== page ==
The movie combines songs, color and sequences of live action blended with the movements of animated figures. Mary Poppins is a kind of Super-nanny who flies in with her umbrella in response to the request of the Banks children and proceeds to put things right with the aid of her rather extraordinary magical powers. Written by
P.L. Travers was a stickler about details in the script, driving many of the Disney writers to distraction about Poppins minutiae. After seeing the final film, she devised a list of changes she wanted. Her requests went unheeded after Walt Disney himself pointed out that although she had script approval, she did NOT have final draft approval. Among the things that she disliked was the score of songwriters Robert B. Sherman and Richard M. Sherman. She wanted the only music in the movie to be period pieces, such as "Ta Ra Ra Boom De Ay" or "Greensleeves". See more »
When Mrs. Banks bends to embrace the children (when the Constable brings the children back from the park), her head is turned to her left rather than looking at her children, obviously anticipating Mr. Banks' line which cuts off her embrace. See more »
All right, ladies an' gents! Comical poem! Suitable for the occasion, extemporized and thought up before your very eyes! All right, 'ere we go!
Room 'ere for everyone. Gather around.
The constable - responstable! Now 'ow does that sound?
[dashes over to Miss Lark, sings]
'Ello, Miss Lark, I've got one for you.
[...] See more »
The opening credits stop for a brief moment to show Mary Poppins seated on a cloud and applying makeup to her face, then the camera pans away and the credits resume. See more »
How good is Mary Poppins? I remember singing "Let's Go Fly a Kite" with my then four year old son when we first got it on a now-lost video. He is now a young man, and little brother is a teenager. I am going to buy the DVD for their children, who may not be born for ten more years. I'll watch it myself until then. It's that good. We all have opinions, and mine is that, in the long list of Disney classics and masterpieces, this one is at the top. It is the perfect combination of story, song, characters, actors, whimsy you name it. I believe it is one of the best movies ever made in any genre.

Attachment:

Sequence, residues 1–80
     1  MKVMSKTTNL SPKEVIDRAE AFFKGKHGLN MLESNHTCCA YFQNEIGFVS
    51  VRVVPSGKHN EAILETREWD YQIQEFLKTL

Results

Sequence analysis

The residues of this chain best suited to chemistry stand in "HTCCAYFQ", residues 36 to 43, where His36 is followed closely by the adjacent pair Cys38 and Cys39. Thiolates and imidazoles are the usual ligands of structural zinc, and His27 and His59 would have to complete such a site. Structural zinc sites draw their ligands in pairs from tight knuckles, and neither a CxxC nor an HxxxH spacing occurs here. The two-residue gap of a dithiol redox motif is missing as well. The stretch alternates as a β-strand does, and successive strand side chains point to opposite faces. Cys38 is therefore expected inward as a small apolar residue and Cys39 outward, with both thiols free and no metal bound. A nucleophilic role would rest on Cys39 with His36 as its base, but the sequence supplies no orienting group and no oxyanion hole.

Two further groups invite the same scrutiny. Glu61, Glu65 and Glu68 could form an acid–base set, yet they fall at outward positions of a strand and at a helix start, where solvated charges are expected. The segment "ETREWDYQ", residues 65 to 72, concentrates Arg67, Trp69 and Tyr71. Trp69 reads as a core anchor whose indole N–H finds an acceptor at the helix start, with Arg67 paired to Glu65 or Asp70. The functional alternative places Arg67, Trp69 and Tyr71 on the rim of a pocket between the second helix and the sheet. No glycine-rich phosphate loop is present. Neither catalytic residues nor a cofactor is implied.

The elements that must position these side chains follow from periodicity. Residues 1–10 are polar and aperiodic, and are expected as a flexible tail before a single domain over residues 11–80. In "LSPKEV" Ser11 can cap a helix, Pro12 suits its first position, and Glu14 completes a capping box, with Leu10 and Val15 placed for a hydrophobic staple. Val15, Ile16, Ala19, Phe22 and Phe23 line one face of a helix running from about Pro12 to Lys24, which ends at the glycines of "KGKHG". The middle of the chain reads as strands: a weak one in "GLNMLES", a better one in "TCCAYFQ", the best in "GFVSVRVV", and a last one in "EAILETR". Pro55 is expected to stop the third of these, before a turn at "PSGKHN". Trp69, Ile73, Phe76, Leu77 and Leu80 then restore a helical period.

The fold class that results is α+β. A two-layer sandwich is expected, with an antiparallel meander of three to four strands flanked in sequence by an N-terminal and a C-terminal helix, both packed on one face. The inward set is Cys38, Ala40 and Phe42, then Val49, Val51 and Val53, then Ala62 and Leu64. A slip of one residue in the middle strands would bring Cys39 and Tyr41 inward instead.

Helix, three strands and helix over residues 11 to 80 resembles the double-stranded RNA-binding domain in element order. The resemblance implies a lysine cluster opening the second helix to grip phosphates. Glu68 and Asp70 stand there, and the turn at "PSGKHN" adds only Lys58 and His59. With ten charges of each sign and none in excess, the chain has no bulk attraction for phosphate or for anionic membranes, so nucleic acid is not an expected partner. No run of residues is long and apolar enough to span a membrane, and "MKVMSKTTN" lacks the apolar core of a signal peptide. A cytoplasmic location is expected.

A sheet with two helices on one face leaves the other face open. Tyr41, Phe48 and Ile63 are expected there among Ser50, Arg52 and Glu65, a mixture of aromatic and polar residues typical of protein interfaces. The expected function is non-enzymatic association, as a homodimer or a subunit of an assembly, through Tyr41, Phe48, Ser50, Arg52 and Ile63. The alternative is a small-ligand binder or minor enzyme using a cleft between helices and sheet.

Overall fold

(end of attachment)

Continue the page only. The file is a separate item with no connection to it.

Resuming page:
Need proof? How many songs can you hum in the car or sing in the shower? Chim Chim Cher-ee; Spoonful of Sugar; Supercalifragilisticexpialidocious (thank God for copy and paste); Let's Go Fly a Kite. What about songs that put a lump in your throat and a tear in your eye? Feed the Birds. Great composing, great fit to the story. And Julie Andrews is as good a singer as you will find.
More proof? What about delightful scenes? A tea party on the ceiling. The fox hunt on merry-go-round horses. Dancing on the rooftops of London.
Memorable characters? Bert, even with his horrible accent, is a blast. Old Mr. Dawes. Uncle Albert. Mrs. Banks, that independent woman (as long as it did not annoy Mr. Banks). Jane and Michael having the experience of a lifetime. And poor Mr. Banks, so concerned with being the lord of his castle but learning the important lessons in the nick of time. His illusion of control begins to unravel the moment that Poppins woman walked in the door, and he never figures out who she is and how she did it to him.
Neither do we, really. She is both the cause of much madness but the stability within it as the story moves along. It is one of Disney's greatest talents to craft movies and stories that operate on multiple levels. Children love dancing penguins and fireworks. Adults may as well but they can register the message here of what is truly important in life. Poppins has the answers. It is better we don't analyze who she is and or course she never explains anything. The Banks family is just glad she was there for a while, and we should be glad that Walt Disney left us with this masterpiece.
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